The Apollo Aspire

Tagged: bike diy project

Late in the winter of 2022 I found a suspiciously nice bike in a back alley. It was a black and blue Apollo Aspire. Aside from missing a wheelset, it was in good shape. Finding a bike that nice was suspicious in its own right (hydro disc brakes and a solid groupset are rare things to find in the trash, usually all you find are department store bikes) but even more suspicious was the lock that was still haphazardly attached to the frame.

I contemplated for a while before bringing it home. It was discarded behind a dumpster behind a municipal building, covered by a cheap blanket and buried in snow. My guess was that it was stolen. The thief had probably already sold the most valuable part - the 650b wheelset with disc brakes - with the intent of coming back to pawn the rest. Either that, or someone had ditched it after the wheelset had been stolen. But it had been there for clearly a very long time, judging by how buried in ice and snow it was. Indeed, it took some chipping away with a screwdriver to get it to come free of the ice.

Taken right after bringing it home. It still has the lock.

I checked our local police database to see if I could find anything matching its description. No dice. It had probably been missing for a while. Without any leads to follow, I decided to invoke the Finders Keepers rule.

Now, if you see this bike and recognize it as your own, or you know who it belongs to, please contact me. I’ve since restored it back to functional and taken it on a few rides, but it would make me happier if I could reunite it with its original owner. I’ve had bikes stolen and I know how bad it feels. So if you can prove it’s your bike, I’m very happy to deliver it to you.

Shortly after I brought it home, I disassembled it entirely, and sorted the parts into containers. I put the frame in my basement and largely forgot about it for the next 6 months. At this point, I had no idea that hydraulic brakes were even I thing. I ended up unscrewing the front brake hoses and leaking brake fluid all over the floor in my basement. It was a nasty surprise, and in trying to screw the hose back in, I broke the wrench flats. I had a similar mishap later on while trying to adjust the rear hydro brake. I didn’t unscrew the hose this time, but I did separate both halves of the brake caliper, and nearly lost the gasket that sits between them. I’m sure this caused a catastrophic loss in brake fluid pressure. This would come up a bit later.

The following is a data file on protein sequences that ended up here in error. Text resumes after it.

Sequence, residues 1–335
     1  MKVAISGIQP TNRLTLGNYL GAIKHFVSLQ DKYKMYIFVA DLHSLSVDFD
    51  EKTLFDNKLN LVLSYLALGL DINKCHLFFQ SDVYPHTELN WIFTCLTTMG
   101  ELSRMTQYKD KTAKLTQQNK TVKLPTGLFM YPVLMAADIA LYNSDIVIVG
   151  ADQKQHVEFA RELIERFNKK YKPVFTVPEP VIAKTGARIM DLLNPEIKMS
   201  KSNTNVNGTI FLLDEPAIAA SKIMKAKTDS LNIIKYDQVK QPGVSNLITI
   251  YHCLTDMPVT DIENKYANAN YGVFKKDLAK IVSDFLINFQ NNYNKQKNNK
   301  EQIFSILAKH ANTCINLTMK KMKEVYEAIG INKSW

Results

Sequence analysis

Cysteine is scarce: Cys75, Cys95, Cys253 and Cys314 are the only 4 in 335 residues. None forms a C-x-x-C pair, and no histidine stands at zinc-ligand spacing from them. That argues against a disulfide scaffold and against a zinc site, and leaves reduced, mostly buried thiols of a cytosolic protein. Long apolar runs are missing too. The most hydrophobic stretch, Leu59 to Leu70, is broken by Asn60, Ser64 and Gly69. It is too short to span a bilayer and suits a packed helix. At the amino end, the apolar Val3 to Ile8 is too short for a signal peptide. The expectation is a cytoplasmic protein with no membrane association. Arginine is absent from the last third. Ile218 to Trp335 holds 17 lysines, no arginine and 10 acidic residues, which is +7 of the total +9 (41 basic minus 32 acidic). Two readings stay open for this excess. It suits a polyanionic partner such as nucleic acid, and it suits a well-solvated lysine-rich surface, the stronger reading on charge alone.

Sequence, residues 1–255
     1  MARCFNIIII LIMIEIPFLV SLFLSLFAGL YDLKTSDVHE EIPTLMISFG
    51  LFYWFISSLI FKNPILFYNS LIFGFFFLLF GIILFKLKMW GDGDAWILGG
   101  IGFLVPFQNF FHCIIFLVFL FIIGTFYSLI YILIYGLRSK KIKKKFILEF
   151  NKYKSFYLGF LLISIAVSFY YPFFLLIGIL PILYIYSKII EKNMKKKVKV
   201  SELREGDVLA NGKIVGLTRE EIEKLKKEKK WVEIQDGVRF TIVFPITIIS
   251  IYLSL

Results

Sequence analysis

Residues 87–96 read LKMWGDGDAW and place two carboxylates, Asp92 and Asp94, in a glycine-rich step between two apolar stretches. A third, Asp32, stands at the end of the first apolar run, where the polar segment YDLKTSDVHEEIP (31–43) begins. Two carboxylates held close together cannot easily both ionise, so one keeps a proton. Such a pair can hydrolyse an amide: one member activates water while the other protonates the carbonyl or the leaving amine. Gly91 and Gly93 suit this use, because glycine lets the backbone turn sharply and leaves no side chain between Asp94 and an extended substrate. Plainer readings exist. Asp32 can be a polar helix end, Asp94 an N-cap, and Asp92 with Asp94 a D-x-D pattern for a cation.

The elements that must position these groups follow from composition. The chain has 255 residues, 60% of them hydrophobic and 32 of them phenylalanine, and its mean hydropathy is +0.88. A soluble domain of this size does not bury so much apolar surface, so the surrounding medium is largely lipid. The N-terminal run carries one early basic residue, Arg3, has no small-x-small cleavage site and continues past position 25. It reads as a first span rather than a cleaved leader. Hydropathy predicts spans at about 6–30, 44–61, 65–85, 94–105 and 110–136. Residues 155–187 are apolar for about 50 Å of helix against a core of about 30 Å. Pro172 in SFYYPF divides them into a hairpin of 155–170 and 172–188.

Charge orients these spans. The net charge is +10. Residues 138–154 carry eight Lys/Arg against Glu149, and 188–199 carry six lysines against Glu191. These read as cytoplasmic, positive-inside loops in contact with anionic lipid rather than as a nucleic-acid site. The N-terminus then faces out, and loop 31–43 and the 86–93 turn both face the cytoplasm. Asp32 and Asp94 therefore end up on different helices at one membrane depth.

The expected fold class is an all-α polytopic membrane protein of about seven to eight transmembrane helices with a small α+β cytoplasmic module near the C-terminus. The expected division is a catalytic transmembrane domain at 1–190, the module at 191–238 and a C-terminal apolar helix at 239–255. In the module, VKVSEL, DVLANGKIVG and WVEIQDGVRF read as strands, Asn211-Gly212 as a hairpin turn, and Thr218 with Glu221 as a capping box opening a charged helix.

After the failure that was Trug, I decided that I would try building a proper mountain bike with this frame. It would be a more solid foundation to start with.

The Build

In early September, I started assembling the bike with most of its original parts. I didn’t document this build in as much depth as previous builds. Mostly because I’ve built enough bikes now that it’s starting to become routine.

The wheels were from my roommate’s abandoned Kona COP Special. They’re 26" (so technically undersized for the frame) and the rotors are woefully out of true. But they spin, they’re high quality, and the rotors are correctly sized for the brakes I have.

The seat, bottom bracket, and stem are original. The handlebars are from my roommate's old mountain bike.
Assembled, without the chain installed

Since I had ruined the front hydro brake, I used the single front mechanical disk brake that I own and had previously used on Trug. For the rear, I used the low-pressure hydro brake. The fluid pressure was noticeably low, and the braking power left a lot to be desired. This would need to be fixed.

Aside from the brake situation, at this point I was fairly excited. This frame was high quality double butted aluminum. It was from a reputable brand. It looked pretty snazzy. Not my favourite colour scheme, but I told myself that if I liked it enough, I could strip it down and repaint it. It would have to be really fun to ride to warrant that, though.

A frame geometry comparison with the fixie

I assembled the bike and took it for a few test rides, to configure the gears and test the suspension and really dial it in. The brakes were rubbing terribly, but I thought I could adjust that. I had a lot of fun turning the front fork’s suspension on and off with the little lever and dropping off curbs and speeding through back alleys.

That was, until I broke the lever. I just stopped engaging, and my fork was locked in a rigid position. Luckily, a quick google showed me that I could just pry the lever out and re-seat it. I don’t think I’m qualified to overhaul a front fork at this point, so I was quite relieved.

I thought I had ruined the fork, but I just unseated the lever.

The Brake Situation